This article first appeared in Commerce & Industry Magazine Vol 2 – 011 

In the popular condensed version of Vision 2030 that provides an insightful summary of the bigger draft, the captivating preamble introduces Vision 2030 as the country’s development blue print that aims to transform Kenya into a newly industrializing, middle income providing a high quality life to all its citizens by 2030.
This begs the question, and very rightfully so, about what exactly ‘a high quality of life’ is. What is a high quality of life? Is this a subjective promise? Would the definition of high quality vary amongst, low, middle and high level income groups? How is this quality of life measured? Or in this case to be measured?
The document goes further to say that Vision 2030 was developed through an all inclusive and participatory stakeholder consultative process, involving Kenyans from all over the country as well as local and international experts. By just looking at this development strategy, this blue print for the country is a document of repute and indeed has received worldwide acknowledgement. 
From a customer service angle, every tenet of service excellence has been well covered in its preparation: The outcome of quality is central to the plan; an all inclusive approach of top-down and bottom–up consulting was undertaken to listen to the voice of the ‘customer’ – here being the citizen; and consultation with experts in industry to adopt best practice was done. This would therefore presuppose that the outcome of such fantastic piece of literature would be the high quality of life touted in its mission right?
The economic pillar aims to improve the prosperity of all Kenyans, the social pillar to build a just and cohesive society and the political one to realize a democratic system founded on issue based politics that protects freedoms and respects the rule of law. If we take just this small excerpt and present it on its own, it is very easy to pick out the all the key words that form the basis of excellent customer service delivery. Improvement – this is an integral focus of excellent service delivery – to listen to customers and improve processes and services continually; Just and cohesive – this is the central focus for customer satisfaction – that organizations at whichever level are just and fair to their customers, deliver on their promises at all levels; cohesiveness is aligned to listening and seeking feedback and including ideas, thoughts and feedback;  and finally respect – without which excellent customer service is impossible. The rule of thumb is to have a deep respect for internal and external customer and to respect one’s business to the extent that one’s brand is associated with service delivery. Vision 2030 is a well articulated piece that businesses can use as a skeleton to flesh out and adapt to their unique needs. With this analysis, it justifies the boldness to assert that the Vision 2030 document should be on every CEO’s desktop alike.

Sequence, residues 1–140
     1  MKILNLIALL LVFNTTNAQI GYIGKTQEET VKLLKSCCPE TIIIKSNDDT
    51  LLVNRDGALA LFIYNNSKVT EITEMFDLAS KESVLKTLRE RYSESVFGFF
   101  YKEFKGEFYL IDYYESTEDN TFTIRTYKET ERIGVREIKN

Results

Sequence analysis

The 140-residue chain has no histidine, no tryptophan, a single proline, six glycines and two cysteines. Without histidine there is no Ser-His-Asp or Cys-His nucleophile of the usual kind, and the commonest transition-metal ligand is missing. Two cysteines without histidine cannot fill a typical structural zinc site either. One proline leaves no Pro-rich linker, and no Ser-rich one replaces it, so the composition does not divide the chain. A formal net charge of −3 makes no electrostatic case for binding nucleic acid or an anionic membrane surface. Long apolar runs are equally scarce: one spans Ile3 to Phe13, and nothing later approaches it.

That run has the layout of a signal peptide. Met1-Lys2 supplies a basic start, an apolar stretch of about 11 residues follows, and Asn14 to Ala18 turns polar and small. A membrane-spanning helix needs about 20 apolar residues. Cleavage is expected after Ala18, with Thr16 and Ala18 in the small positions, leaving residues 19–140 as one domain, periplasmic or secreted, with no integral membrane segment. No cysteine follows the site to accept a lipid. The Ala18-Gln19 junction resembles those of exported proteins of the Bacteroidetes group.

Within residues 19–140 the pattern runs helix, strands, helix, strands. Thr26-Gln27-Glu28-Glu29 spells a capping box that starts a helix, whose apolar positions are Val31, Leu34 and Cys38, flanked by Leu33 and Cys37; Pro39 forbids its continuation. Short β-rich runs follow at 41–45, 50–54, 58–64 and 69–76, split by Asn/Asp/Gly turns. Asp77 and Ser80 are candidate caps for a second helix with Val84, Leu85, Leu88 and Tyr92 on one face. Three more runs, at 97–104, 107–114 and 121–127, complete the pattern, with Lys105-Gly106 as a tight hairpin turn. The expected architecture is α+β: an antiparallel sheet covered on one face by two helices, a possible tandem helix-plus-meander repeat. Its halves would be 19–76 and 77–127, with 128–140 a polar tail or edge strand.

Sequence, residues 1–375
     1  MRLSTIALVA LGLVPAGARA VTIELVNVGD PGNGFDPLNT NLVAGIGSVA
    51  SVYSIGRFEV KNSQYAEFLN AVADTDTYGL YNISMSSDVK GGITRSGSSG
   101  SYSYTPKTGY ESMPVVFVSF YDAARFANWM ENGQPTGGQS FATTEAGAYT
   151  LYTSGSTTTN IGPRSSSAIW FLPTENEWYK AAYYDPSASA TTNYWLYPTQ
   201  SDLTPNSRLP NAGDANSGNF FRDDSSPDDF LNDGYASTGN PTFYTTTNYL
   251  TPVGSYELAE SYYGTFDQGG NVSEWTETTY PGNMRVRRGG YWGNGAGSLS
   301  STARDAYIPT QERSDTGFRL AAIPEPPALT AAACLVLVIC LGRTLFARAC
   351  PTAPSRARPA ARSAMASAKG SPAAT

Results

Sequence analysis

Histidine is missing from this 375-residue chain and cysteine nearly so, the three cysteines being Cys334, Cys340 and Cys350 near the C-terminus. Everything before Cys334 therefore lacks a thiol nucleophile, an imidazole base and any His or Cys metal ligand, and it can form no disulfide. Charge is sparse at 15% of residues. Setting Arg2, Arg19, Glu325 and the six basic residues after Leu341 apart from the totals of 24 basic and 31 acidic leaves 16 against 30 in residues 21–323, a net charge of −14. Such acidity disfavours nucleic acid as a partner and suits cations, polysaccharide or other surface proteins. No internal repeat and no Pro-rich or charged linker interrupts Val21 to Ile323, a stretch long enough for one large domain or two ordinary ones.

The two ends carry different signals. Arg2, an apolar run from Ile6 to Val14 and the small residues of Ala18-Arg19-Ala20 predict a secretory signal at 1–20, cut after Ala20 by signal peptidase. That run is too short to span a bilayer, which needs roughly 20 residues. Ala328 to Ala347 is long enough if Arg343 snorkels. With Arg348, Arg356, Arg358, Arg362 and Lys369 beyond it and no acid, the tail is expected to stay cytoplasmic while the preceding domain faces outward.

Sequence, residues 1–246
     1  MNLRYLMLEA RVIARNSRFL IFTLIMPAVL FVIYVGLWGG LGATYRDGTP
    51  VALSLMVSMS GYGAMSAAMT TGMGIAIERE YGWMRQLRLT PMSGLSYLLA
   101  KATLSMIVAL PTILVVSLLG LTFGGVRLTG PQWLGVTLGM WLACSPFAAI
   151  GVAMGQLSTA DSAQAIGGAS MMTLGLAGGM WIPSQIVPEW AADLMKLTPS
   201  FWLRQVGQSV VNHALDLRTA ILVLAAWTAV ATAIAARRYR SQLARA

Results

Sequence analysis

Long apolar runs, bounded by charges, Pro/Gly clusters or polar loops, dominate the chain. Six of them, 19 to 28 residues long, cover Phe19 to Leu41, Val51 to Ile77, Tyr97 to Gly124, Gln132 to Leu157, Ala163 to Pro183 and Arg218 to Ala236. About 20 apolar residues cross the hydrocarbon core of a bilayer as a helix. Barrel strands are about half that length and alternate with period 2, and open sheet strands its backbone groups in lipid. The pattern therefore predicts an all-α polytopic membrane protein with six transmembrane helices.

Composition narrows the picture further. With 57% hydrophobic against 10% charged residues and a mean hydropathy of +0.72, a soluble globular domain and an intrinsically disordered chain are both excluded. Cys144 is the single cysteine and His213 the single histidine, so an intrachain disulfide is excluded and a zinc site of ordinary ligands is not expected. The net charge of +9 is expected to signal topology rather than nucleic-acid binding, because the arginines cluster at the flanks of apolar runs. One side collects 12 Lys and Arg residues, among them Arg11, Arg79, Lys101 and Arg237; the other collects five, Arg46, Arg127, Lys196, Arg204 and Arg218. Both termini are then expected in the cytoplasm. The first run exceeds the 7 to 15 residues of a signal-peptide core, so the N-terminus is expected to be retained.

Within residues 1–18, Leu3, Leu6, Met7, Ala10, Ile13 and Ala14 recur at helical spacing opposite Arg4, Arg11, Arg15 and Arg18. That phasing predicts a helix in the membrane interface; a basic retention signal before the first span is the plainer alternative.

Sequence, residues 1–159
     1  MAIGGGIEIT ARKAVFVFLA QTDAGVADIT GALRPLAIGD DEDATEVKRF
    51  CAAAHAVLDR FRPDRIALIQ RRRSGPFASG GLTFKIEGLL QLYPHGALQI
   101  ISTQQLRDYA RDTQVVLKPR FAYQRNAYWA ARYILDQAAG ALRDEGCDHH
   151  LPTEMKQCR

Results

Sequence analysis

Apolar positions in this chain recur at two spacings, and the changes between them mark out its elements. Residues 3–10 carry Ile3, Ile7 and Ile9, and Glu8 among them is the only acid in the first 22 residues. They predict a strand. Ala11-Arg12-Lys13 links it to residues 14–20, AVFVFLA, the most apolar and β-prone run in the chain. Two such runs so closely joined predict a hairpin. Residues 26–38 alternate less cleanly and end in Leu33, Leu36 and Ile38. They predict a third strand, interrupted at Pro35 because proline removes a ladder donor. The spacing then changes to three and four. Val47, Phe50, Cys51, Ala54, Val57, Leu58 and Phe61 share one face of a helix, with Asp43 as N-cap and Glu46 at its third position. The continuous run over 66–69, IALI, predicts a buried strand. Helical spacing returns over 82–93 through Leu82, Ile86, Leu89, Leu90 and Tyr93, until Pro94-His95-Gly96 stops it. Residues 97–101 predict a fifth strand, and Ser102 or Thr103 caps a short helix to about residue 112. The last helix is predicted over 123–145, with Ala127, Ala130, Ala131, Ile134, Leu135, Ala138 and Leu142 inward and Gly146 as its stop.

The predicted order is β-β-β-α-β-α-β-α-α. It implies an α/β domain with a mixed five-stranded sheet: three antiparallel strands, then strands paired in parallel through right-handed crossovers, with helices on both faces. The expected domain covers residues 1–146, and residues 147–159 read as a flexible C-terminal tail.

Although every aspect of Vision 2030 needs to be built on the firm foundation of great customer service, some aspects of the foundations contained therein require a little more emphasis on the need for a solid service excellence strategy to deliver on the goals. One of these is the foundation on human resource that seeks to create a globally competitive and adaptive human resource base that can meet the requirements of a rapidly industrializing economy. It is important for the entire human resource distinction to understand the value of the internal customer and seek to have service standards raised by having a customer centric workforce.